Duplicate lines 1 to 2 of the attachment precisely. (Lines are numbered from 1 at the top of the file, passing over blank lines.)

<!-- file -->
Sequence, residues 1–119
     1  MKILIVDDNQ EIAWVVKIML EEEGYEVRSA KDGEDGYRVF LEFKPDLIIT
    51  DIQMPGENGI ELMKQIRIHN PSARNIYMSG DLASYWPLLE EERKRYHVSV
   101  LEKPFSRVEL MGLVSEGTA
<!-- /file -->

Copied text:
Sequence, residues 1–119
     1  MKILIVDDNQ EIAWVVKIML EEEGYEVRSA KDGEDGYRVF LEFKPDLIIT